I struggled to write this blog post. It is a departure from my norm, more of an opinion piece than general content. Despite my hesitation, it is a theme that I constantly come back to when I visit and think of Cuba, and as I go through pre-production development of my first film made possible through the SAW Video Jump Start mentorship program. Not surprisingly, the subject of my film is Cuban dance, more specifically rumba.
During my first trip to Cuba, I was struck by the strong body language Cubans used. Young girls walked the streets, their hip swaying from side to side, they moved like confident women in their twenties. Young boys not even in middle school walked with swagger, they cat called and hissed to get the attention of women well outside a suitable age range.
Sexuality is a strong party of the Cuban culture, it is something you cannot deny, and as my Spanish teacher told me once, "no puedes evitar lo", you cannot escape it.
For the first-time visitor, this overt awareness of human sexuality can be startling, some female travellers might even call it offensive. But over time, as you begin to recognize it as a part of the culture, it bothers you less. And dare I tread on the toes of any feminists readers, sometimes it can even be fun to let yourself embrace your new found sexuality. Go ahead, flirt-back, respond, most of the time these guys are harmless.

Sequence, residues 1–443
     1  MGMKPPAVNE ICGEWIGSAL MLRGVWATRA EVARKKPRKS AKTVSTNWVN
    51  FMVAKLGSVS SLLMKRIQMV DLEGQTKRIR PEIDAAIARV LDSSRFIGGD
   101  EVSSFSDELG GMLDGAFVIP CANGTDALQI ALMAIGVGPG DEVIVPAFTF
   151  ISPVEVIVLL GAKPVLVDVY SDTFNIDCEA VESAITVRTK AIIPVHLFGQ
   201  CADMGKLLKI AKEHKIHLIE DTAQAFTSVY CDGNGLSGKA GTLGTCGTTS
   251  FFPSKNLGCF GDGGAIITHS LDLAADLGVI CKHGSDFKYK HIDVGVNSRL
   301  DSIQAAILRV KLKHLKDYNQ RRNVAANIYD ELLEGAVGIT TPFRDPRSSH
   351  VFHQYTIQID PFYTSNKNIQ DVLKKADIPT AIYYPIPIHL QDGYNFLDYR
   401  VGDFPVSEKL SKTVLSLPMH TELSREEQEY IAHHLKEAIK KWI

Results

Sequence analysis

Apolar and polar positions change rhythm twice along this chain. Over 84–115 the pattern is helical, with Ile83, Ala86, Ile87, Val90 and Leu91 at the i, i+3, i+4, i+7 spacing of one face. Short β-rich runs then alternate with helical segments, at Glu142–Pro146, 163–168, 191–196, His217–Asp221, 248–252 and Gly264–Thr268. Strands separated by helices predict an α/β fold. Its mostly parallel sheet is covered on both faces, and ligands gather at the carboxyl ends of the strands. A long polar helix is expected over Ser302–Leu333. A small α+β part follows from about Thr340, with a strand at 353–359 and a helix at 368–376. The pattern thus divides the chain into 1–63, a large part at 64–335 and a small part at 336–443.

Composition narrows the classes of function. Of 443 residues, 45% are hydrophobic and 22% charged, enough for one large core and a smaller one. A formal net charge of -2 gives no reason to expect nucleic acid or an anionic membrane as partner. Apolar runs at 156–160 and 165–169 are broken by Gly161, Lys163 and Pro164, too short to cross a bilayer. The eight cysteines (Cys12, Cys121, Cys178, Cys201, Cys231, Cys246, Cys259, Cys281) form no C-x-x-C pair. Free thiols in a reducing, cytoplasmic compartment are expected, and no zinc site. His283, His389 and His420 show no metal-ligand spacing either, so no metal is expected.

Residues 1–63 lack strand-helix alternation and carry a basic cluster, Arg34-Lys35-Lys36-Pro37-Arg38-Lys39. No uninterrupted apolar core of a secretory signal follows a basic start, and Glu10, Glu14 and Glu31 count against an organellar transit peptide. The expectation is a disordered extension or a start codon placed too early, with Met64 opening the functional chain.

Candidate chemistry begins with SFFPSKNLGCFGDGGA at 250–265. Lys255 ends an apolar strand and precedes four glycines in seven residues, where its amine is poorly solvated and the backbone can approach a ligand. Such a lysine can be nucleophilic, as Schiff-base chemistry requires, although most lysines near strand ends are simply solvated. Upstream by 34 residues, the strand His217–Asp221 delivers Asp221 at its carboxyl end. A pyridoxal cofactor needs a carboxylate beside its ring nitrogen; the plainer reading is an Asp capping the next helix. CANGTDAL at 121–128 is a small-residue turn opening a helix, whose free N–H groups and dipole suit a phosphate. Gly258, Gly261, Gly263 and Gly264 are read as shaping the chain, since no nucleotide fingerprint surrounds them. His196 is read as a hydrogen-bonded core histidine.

Going through my photos of Havana, I came across these two (above) of a young boy and young man. The facial expression and the walk is identical; although the boy on the left seems no older than twelve, and the man on the right is at least a decade older.
I see this also with females. Regardless of beauty and size, Cuban women seem to exude a sexual confidence that many North American women only aspire for. See this short clip of a young girl I filmed at El Gran Palenque. She was in the crowd with her mom, and with little encouragement, went up to dance for the audience.
But why is sexuality such a strong part of the Cuban culture? Is it growing up with dancing that makes you comfortable in your own skin? Is it the hot climate? Or, is it the lack of advertising telling women they have to look like waif-like models.
After returning home from spending months in Cuba I saw many campaigns on television and social media promoting positive body image, with a message to women in particular to love their bodies. Then I think of these Cuban women of different shapes and sizes - they know they are beautiful; anything to the contrary, is implausible.